12 Jun Insomnia and Health Services Utilization in Middle-Aged, Older Adults
Hemodialysis.com Interview with: Christopher Kaufmann, MHS
Department of Mental Health,
Johns Hopkins Bloomberg School of Public Health
Hampton House, Room 800
624 North Broadway
Baltimore, MD 21205
MedicalResearch.com: What are the main findings of the study?
Mr. Kaufmann: The purpose of our study was to examine the association between insomnia and the use of a number of costly health services. We used data from the Health and Retirement Study, a large nationally representative longitudinal population-based study of US middle-aged and older adults. We found that individuals who reported a greater number of insomnia symptoms were more likely to report being hospitalized, using home healthcare services, and using nursing homes two years later. After we accounted for a number of demographic and clinical characteristics, the association between number of reported insomnia symptoms and hospitalization remained statistically significant.
MedicalResearch.com: How are the findings of your study unique?
Mr. Kaufmann: While a number of studies have shown that insomnia is associated with greater use of health services, most of these studies have used samples from clinical settings, and focused on younger populations. Our study found that the results from these studies can be extended to a population of middle-aged and older adults. Furthermore, the majority of studies examining the association between insomnia and use of health services generally have focused on one particular type of health service. Our study found that insomnia is associated with use of a range of health services.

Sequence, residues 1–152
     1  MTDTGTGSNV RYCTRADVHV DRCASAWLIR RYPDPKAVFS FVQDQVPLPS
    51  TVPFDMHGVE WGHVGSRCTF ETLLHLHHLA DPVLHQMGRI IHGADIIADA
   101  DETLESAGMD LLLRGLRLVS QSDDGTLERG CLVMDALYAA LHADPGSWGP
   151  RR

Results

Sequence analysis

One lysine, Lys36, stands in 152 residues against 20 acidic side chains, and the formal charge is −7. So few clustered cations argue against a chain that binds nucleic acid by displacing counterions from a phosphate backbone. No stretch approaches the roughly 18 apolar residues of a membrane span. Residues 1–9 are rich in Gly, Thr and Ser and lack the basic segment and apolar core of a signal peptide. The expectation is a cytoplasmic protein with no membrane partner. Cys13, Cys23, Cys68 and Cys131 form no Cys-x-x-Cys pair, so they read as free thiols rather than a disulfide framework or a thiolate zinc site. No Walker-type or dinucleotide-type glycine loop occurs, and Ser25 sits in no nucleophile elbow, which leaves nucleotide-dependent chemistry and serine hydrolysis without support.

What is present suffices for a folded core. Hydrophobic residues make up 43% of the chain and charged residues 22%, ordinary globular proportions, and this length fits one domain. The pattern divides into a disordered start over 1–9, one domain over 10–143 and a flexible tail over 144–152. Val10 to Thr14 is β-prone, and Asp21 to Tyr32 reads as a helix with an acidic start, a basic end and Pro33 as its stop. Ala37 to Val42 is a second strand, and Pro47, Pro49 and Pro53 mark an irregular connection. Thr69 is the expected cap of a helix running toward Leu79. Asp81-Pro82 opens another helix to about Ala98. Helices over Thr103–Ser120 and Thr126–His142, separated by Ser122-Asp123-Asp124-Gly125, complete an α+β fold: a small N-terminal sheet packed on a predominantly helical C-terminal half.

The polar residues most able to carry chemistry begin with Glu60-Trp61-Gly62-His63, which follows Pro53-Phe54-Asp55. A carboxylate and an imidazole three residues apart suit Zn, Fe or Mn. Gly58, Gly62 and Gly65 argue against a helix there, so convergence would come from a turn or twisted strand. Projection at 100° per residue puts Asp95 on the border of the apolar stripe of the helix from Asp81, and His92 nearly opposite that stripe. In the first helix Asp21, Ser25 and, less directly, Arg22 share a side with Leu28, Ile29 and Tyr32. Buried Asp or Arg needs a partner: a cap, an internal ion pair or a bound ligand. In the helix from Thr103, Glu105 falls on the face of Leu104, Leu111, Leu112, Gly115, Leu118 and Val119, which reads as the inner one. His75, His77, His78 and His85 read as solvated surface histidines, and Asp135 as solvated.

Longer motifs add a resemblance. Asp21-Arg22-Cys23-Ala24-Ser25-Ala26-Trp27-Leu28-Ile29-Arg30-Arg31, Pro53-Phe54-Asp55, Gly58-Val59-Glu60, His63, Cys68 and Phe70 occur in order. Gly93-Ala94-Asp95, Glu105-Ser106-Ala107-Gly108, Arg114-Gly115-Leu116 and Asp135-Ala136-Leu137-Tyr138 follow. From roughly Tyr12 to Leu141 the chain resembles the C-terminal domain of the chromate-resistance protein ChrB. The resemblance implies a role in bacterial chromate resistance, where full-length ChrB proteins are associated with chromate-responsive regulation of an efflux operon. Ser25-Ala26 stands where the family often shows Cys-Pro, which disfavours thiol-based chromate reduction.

MedicalResearch.com: What should clinicians and patients take away from your report?
Mr. Kaufmann: Our findings contribute to a growing body of literature that indicates that sleep quality is an important factor in an individual’s overall health. Clinicians should realize that insomnia may be a marker of an underlying physical or psychiatric health condition that requires treatment. Alternatively, insomnia might actually be a cause of or contributor to health conditions that necessitate health service use. Individuals with insomnia should discuss their symptoms with their doctors.
MedicalResearch.com: What recommendations do you have for future research as a result of this study?
Mr. Kaufmann: Our study only looked at use of health services, but it would be important that future research examine the association between insomnia and the intensity of health service use. Studies could assess how long a patient uses a particular health service, or how frequently that health service is used. For example, it might be that individuals with insomnia are hospitalized for a greater number of days than those without insomnia. Furthermore, research is needed to determine whether prevention or treatment of insomnia symptoms may help prevent various medical conditions and health service utilization.
Insomnia and Health Services Utilization in Middle-Aged and Older Adults: Results From the Health and Retirement Study
Christopher N. Kaufmann, Sarah L. Canham, Ramin Mojtabai, Amber M. Gum, Natalie D. Dautovich, Robert Kohn, and Adam P. Spira
J Gerontol A Biol Sci Med Sci
first published online May 9, 2013